Little problems on a large scale become big problems. Let’s do some math:
You figured it out! Or cheated….it doesn’t really matter. Because the next problem is the most important one:
Congratulations! You figured this one out, too. Now the only thing you have to figure out is what you’re going to tell Congress when they ask why you shipped out 10,000 defective pacemakers. Your insurance provider and your company’s legal team will probably have a few questions for you, too. An error rate of 1% may seem reasonable, but when you operate an automated assembly process at scale, one percent can be enormous. For assembling products with threaded fasteners—like pacemakers, circuit boards, and disc brakes—torque control and calibration help you lower your product defect rate from one to none.
Torque Control in Automated Assembly Processes
Torque is what tightens fasteners, the radial force that screws in screws. As you apply torque to a screw or bolt, that radial force turns into tension that clamps the threads of the fastener against its receptacle. So if you don’t apply enough torque, the threads won’t clamp all the way and the screw or bolt can come loose under stress or over time. If you apply too much torque, you can overload the fastener’s shaft or threads, or the assembly itself.
Over- or under-tightening can cause the fastener or assembly to fail under stress, either immediately or later. When a fastener fails, it can have serious repercussions, including overloading other parts and creating a cascading failure or rattling free in a moving assembly like an engine. As they say, loose screws sink ships.
To prevent over- or under-torquing fasteners, it’s important to use tools which can reliably detect and limit the amount of torque they deliver, such as torque control electric screwdrivers. For complex assemblies, control systems that can handle different torque values for different fasteners in one or more passes over a product are difficult to do without. The added benefit of these control systems is that they track each screw their tools fasten, which means that even if a mistake is made, the system will detect it, flag it, and prevent the product from moving further down the line. These tools and systems significantly reduce the chance of fastening errors.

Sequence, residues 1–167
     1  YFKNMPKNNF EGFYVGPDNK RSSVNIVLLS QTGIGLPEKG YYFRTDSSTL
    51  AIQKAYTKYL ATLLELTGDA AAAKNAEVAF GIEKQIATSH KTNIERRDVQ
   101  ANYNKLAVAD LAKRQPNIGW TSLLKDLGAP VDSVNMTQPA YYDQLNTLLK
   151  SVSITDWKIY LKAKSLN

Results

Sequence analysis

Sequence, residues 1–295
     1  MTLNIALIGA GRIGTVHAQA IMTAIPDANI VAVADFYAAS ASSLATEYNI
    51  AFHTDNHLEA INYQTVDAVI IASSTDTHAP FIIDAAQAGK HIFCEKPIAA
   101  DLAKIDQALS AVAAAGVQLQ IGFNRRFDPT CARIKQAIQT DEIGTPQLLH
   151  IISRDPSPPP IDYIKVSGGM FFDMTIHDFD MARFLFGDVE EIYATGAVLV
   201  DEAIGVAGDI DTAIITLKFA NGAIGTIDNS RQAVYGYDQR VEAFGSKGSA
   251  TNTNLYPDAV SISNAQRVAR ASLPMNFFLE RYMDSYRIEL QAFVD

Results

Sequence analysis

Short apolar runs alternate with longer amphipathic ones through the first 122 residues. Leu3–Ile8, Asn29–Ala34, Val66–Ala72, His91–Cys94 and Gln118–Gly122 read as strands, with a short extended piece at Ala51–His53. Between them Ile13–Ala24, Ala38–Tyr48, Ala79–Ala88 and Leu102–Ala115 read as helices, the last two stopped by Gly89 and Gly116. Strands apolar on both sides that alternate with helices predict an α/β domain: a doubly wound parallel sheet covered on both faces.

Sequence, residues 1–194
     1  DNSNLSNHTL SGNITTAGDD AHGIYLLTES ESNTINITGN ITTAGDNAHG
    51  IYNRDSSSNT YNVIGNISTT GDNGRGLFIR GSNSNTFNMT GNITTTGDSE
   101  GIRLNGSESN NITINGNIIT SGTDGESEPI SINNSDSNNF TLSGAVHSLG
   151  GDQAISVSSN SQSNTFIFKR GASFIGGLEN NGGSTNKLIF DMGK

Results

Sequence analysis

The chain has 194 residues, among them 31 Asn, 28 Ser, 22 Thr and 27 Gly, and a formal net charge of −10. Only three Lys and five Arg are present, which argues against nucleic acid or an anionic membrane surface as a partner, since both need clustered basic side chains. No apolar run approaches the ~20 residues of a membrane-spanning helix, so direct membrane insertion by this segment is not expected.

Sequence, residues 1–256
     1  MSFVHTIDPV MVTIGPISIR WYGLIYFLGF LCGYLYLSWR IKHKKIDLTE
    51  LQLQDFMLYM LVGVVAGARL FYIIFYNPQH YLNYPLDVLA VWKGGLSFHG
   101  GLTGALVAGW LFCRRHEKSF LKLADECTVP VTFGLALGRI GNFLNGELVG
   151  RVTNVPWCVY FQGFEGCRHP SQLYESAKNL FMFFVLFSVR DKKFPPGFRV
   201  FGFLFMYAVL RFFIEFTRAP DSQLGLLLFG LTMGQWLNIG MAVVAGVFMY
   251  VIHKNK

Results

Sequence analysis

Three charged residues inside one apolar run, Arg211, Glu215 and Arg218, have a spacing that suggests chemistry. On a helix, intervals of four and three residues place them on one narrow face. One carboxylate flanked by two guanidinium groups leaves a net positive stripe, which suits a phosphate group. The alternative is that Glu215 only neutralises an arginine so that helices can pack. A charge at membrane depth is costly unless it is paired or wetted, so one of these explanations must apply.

Calibrating Torque Tools for Automated Assembly
Electric screwdrivers and automated torque control systems, however, are only as good as their calibration. Over time, even the best tools can slip out of alignment and start to deliver inaccurate results. To prevent this, it’s necessary to frequently test the calibration of your torque tools. The longer each tool goes between calibration tests, the greater the chance that it will start fastening products incorrectly and undetectably.
Fortunately, torque testing can be a simple, in-house affair. Benchtop torque testers can give each tool the green or red light in a matter of minutes, allowing torque testing to become a weekly or daily routine. In order to be sure you’re testing your tools for the right level of torque, use a rotary torque sensor to test the tool in actual production conditions. Once you’ve determined the actual, not estimated, torque value for the joints your tool will be fastening, you can program this value into the torque tester for quick, frequent calibration checkups.
The speed and volume of automated assembly can turn minor fastening errors into major concerns for your company. To greatly reduce the risk of error, use torque tools and controllers which can accurately limit the amount of torque each fastener receives. Frequent calibration checks ensure that tools always deliver the amount of torque they intend to. Using the right tools and keeping them calibrated is an effective way to error-proof the automated assembly process.